Farmers across Minnesota now have access to detailed financial information about the profitability of cover crops through FINBIN, the largest publicly available farm financial database in the country. The change is a result of a collaboration between The University of Minnesota’s Center for Farm Financial Management, Minnesota State Farm Business Management, Southwest Minnesota Farm Business Management Association, Minnesota Office for Soil Health and Environmental Defense Fund.

Minnesota State FBM included initial findings from 17 farms growing cover crops in its annual report, Influence of intensified environmental practices on farm profitability, which was released in April and draws from the database. The preliminary data shows the seed cost, input costs and other expenses producers incurred growing a winter cover crop.

Over the coming years, the cover crop dataset will grow to include more than 85 farms across Minnesota and will enable farmers, farmer business partners and state policymakers to glean new insights about how cover crops impact yields and profitability.

“We’re excited to answer farmers’ economic questions about cover crops,” said Vincent Gauthier, senior analyst, Climate-Smart Agriculture at EDF. “This new and growing dataset will allow us to compare yields, expenses and profits between farms that grow cover crops and those that don’t.”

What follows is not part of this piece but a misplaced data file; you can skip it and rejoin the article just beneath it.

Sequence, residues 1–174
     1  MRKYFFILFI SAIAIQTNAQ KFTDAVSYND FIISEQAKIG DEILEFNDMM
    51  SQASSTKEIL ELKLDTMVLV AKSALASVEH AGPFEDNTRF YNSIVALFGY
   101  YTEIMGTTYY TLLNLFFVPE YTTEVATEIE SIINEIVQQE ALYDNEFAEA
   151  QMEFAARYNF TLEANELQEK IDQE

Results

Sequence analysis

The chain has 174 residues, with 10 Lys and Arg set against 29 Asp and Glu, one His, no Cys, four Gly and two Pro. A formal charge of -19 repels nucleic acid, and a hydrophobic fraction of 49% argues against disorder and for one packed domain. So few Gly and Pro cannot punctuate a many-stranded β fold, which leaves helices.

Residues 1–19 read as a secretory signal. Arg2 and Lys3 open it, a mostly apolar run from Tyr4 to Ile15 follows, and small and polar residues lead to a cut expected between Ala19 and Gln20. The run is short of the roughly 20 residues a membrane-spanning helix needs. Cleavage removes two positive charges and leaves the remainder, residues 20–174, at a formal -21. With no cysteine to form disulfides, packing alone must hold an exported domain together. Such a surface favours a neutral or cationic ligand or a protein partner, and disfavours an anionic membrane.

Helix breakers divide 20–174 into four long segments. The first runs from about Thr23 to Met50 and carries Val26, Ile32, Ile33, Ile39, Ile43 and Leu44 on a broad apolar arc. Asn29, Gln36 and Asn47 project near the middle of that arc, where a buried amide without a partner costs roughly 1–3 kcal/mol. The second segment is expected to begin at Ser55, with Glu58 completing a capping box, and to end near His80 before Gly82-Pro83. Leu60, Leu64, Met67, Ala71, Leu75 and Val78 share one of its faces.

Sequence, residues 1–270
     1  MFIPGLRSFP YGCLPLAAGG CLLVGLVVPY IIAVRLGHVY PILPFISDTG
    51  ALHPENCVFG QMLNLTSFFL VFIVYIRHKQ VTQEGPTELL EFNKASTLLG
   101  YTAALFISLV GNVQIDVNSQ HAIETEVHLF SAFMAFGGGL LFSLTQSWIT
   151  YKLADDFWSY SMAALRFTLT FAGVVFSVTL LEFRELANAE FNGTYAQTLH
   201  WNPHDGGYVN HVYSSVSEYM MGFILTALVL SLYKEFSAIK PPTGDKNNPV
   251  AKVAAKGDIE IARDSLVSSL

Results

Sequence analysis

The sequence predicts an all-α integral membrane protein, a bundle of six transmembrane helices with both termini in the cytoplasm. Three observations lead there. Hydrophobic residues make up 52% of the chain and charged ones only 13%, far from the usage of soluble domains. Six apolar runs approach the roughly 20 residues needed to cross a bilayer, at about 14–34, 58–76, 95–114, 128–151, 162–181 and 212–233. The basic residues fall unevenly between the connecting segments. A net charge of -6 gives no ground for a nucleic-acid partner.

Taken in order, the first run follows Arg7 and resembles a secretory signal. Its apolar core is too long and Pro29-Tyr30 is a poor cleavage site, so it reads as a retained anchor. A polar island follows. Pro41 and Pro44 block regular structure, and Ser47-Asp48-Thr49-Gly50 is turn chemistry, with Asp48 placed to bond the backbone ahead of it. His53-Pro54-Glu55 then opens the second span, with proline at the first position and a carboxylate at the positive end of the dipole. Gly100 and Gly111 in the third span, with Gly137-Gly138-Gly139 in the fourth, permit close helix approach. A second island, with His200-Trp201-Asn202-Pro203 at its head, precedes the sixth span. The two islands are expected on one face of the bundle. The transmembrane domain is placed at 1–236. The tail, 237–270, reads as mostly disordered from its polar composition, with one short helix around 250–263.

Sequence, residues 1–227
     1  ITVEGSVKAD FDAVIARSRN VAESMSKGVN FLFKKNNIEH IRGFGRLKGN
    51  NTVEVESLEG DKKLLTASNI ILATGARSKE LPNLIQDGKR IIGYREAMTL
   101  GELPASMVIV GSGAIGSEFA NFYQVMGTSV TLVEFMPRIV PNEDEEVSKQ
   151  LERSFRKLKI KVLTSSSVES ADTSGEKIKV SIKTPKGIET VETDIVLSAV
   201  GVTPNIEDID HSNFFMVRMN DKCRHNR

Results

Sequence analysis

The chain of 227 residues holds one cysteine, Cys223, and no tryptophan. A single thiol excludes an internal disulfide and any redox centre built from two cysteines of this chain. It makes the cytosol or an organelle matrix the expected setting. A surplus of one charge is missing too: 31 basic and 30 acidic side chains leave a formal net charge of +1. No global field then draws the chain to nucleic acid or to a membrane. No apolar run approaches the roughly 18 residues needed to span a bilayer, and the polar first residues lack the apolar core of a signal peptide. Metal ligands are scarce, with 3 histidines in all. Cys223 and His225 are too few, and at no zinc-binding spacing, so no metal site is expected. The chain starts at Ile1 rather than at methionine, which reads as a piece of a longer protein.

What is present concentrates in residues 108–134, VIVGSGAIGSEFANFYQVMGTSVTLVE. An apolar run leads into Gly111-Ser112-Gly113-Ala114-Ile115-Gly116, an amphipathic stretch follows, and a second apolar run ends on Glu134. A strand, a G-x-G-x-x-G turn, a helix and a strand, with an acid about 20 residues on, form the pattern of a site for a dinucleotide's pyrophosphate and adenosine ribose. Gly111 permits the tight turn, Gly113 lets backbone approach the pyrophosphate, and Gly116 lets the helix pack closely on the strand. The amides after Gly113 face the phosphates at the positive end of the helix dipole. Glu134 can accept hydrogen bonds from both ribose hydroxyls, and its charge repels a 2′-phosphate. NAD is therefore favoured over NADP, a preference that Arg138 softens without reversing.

The information collected in the 2021 pilot year allowed farmers and FBM instructors to test out the new data collection process. The preliminary data showed that farmers spent $26 per acre on cover crop seed planted before corn and $20 per acre on cover crop seed planted before soybeans.

“Farmers need detailed financial information when considering the adoption of a new management practice, and cover crops are no different,” said Keith Olander, executive director of AgCentric and FBM. “The new enterprise data on cover crops will help farmers make informed financial decisions.”

The cover crop financial dataset will enhance a robust set of financial benchmarking data for environmental practices in the FINBIN database, which already includes comparisons of tillage practices and financial analysis of farms participating in the Minnesota Department of Agriculture’s Water Quality Certification Program.

“This new financial data on cover crops will provide critical detail for Minnesota farms to improve the profitability of implementing the practice,” said Brad Jordahl Redlin, Water Quality Certification Program manager at Minnesota Department of Agriculture. “Now in its third year, the overall report has already established that the environmental cohort of farms — those certified in the Minnesota Agricultural Water Quality Certification Program — has every year shown higher net income profit than the non-certified cohort.”